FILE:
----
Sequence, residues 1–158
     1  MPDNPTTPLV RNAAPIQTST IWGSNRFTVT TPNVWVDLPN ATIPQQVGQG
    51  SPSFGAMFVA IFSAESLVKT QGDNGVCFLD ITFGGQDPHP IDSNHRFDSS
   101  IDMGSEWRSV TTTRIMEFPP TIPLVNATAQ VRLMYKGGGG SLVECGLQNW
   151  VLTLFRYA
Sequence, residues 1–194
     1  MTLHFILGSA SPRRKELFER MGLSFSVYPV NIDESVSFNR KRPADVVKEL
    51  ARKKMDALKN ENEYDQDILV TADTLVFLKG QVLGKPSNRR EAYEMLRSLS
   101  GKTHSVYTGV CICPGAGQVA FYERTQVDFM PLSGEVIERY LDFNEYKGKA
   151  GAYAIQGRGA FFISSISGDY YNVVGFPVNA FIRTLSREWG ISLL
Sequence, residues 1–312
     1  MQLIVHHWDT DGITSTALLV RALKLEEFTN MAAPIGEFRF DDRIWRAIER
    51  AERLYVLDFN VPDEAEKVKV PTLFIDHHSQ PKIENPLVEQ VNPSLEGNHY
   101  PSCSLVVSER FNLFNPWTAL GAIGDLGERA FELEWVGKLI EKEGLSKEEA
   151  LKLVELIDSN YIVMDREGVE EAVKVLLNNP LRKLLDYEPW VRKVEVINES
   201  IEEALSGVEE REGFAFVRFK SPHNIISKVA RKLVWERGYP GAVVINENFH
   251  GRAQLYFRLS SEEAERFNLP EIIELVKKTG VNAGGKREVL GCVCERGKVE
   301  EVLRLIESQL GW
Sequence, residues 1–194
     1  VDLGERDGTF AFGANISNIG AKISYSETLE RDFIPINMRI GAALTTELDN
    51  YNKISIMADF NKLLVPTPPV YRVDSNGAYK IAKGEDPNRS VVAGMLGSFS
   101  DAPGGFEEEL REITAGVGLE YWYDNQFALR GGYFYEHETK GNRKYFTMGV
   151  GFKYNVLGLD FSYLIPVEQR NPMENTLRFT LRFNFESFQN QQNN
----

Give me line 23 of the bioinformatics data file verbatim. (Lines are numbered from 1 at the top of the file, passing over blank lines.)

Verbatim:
   151  GFKYNVLGLD FSYLIPVEQR NPMENTLRFT LRFNFESFQN QQNN